Moving Forward / No Looking Back

I had just finished having my body flooded with poisons from my 3rd chemo treatment and was on the way home. My dad and I had gotten on the topic of my cancer, go figure.

“I know I’m thinking far ahead,” I confided, “but one of my biggest worries right now is the cloud that is going to hang over me when this is all over, always wondering if the cancer is coming back.”

Assuming, of course, that we effectively kill the cancer, my dad succinctly responded,

“There are the continuous check ups you’ll have as well. This will be the rest of your life.”

That hit me harder than I expected. I know this is true, that cancer isn’t just a clean cut and then off you go, but an ever-present concern, but I guess I hadn’t thought about it being “the rest of my life”. A physical threat or not, I’m not quite ready for cancer to ALWAYS be with me. I’m not ready to have to always be looking over my shoulder….but I also know that’s EXACTLY what I’ll always be doing.

Every failed workout. Every fatigued race. Every missed PR. Every day my stomach isn’t as flat as I hoped it to be, I’ll be doubting remission. I’ll always be wondering if the cancer is back. And honestly, that shakes me up more than having to go through this stupid, annoying process in the present.

But this is the reality and it’s better I face it and get prepared now rather than be blindsided down the road.

Then I came across this article in The Washington Post. The author confirms my fears, that always looking over your shoulder is just part of your life now. You can’t escape it.

And so that’s what I have to deal with relatively soon….what I have to prepare for, but with that said, I’ve got time. Concentrating on actually dealing with and killing the cancer takes precedent at this point, and the dark cloud of concern will come later. Right now I’ve got other issues and goals to conquer…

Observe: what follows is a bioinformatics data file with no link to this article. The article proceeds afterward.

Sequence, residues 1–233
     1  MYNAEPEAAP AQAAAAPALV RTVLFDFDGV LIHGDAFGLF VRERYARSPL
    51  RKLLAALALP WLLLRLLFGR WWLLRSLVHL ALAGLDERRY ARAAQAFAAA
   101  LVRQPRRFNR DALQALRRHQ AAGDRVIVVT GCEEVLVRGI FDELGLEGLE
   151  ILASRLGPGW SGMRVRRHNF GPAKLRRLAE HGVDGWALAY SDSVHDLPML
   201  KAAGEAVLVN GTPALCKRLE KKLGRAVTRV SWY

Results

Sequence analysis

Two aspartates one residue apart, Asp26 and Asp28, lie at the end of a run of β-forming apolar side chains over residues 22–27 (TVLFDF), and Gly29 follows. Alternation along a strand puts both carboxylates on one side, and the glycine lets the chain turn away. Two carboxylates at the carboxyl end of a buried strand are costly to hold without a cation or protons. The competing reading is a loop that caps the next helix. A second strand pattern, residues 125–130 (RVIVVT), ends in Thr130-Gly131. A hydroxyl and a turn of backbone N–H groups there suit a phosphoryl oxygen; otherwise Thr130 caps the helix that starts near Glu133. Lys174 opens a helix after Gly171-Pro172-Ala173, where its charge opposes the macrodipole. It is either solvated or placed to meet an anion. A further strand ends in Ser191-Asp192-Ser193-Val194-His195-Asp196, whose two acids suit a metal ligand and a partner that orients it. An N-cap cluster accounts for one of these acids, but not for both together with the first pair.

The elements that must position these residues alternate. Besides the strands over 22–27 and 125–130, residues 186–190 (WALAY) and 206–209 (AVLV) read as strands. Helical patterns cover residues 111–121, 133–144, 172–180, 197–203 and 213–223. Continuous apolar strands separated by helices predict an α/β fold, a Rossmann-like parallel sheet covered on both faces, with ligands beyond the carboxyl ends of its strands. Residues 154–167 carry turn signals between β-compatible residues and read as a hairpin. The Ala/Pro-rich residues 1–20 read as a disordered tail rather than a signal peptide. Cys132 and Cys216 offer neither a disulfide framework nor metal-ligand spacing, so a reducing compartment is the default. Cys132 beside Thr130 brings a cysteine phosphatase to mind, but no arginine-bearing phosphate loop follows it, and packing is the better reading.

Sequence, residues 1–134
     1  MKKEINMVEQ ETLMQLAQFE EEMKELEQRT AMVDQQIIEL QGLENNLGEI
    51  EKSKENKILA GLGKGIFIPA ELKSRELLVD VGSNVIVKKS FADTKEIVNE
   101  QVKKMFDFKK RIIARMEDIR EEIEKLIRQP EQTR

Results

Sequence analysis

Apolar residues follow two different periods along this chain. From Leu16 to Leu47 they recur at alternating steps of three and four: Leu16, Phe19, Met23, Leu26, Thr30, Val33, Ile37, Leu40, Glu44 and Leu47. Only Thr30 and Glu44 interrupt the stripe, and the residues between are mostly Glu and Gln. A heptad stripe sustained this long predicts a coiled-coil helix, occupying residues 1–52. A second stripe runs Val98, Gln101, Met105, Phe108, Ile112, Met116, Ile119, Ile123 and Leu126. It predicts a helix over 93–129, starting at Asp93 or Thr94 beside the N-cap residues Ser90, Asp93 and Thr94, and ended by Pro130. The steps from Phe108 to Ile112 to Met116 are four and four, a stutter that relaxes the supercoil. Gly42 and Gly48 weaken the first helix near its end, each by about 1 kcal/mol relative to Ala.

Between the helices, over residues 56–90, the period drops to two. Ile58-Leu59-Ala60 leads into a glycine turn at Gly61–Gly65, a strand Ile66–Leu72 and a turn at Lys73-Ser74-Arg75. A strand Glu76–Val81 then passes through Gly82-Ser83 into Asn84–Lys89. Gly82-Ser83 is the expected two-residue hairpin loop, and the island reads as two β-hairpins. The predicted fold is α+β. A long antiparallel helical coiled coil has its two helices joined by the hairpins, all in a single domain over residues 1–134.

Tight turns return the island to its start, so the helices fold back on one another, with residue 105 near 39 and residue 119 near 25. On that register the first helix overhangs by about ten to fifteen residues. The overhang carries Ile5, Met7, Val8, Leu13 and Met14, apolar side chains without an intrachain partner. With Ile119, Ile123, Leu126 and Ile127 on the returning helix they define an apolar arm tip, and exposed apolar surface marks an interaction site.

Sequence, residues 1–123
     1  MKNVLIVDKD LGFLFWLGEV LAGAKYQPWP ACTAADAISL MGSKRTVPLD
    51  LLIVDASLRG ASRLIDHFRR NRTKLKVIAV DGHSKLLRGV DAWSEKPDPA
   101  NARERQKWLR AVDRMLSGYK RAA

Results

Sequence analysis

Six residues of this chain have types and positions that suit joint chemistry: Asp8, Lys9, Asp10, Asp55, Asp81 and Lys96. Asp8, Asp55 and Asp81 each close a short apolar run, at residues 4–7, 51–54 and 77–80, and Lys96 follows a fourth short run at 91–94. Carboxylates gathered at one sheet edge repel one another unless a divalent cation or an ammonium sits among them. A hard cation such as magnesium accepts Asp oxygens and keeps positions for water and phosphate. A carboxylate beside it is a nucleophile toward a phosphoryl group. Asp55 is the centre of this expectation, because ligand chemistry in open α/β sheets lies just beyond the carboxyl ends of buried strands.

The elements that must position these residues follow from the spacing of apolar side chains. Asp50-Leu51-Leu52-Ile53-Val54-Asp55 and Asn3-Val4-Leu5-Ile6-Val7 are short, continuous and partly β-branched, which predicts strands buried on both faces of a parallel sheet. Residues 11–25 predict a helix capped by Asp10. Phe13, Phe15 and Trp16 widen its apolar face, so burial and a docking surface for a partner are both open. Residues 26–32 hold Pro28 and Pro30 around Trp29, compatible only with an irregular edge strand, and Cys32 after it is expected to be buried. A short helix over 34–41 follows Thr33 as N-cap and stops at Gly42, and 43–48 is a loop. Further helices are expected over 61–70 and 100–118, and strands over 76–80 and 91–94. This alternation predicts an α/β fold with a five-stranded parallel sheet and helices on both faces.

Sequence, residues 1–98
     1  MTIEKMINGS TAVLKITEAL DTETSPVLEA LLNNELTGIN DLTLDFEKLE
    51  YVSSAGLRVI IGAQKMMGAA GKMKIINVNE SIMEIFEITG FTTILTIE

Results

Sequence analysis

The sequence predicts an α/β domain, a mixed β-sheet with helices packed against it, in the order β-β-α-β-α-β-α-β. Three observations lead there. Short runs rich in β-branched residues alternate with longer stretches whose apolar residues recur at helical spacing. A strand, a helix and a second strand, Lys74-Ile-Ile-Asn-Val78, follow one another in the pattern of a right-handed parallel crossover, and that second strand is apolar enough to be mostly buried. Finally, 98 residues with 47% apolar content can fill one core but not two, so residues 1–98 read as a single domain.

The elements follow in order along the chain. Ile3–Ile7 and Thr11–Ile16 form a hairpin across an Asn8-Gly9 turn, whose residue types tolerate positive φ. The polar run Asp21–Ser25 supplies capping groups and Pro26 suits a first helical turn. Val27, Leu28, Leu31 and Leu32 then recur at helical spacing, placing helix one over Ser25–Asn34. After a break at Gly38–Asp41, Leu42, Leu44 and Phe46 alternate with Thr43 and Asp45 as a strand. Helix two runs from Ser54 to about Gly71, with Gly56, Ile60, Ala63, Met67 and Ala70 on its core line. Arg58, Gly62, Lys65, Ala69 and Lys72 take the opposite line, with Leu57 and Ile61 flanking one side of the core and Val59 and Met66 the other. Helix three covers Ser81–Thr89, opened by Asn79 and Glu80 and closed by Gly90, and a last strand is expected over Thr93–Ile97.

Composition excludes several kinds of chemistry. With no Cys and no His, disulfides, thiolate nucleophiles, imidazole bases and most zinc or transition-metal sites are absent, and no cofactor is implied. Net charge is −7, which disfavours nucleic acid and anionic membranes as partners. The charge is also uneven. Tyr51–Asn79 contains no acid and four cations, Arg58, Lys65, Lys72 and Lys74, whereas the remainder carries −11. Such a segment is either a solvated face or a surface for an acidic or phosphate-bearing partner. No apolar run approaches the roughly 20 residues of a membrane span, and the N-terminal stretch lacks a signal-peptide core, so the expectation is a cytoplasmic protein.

Speaking of, my son leaves tomorrow after a wonderful 4 week visit. There is always an empty feeling in my chest after he leaves and I’d be more concerned about that feeling if I didn’t have some intense distractions at hand to occupy my mental and emotional state. First and foremost, I renewed my membership with the Y to continue building the strength in my body for both general daily stresses amidst the weakening process of chemotherapy and for some pretty physically intense challenges I’ve created for myself, so no sooner than I drop him off with his mom, I’ll be heading to the gym to start my strengthening.

Then two days later I start a fundraiser I planned with Team In Training to raise money for Leukemia and Lymphoma. I’ll be riding a trainer 3 hours a day to get exposure for Team In Training and generate donations that will enable me to ride with the team at a Century (100 miles) in September. If you feel inclined to either donate to the cause or spread the word about the fundraiser, you can find my fundraising page here.

Following the fundraiser I’ve also planned a weekend backpacking trip on the AT with a friend, who is more uncomfortable than me that we begin the VERY DAY AFTER I find out if the chemo is working or not. Following THAT weekend is the Century ride with Team In Training…and then who knows what else.

So yeah, I’ve planned a few physical challenges to test my strength, keep me focused on getting stronger and staying motivated towards living as healthy and active as possible despite the constant chemo induced setbacks. Most importantly though, is the fundraiser that starts next week and allows me to give a little back in exchange for what so many have given me up to this point.

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2 responses to “Moving Forward / No Looking Back

  1. The idea of dealing with “what if” forever has GOT to be daunting – I know it would be for me. But before you actually started taking chemo, the idea of that was daunting and overwhelming too – but now you see that you are getting through it, one day at a time. I suspect that the *idea* of having to deal with the “what if” is worse than actually having to deal with it. Sure, it’s not a pleasant reality (OK, it freaking SUCKS), but I think you’ll have plenty of welcome distractions in your everyday life so that even if you finish a ten mile run a little fatigued, and you have that fearful thought afterwards, you’ll just deal with it and move on. I think that every time you have those thoughts, you can counter them with, “But I’m alive!” – and just get on your bike and go! 

    • Great observations Monica, thank you, because you’re right. In the moment, I’m sure I’ll deal with them just as I have every other ordeal leading up to this point. Of course, until I get there and actually experience, I have moments of great concern. 🙂

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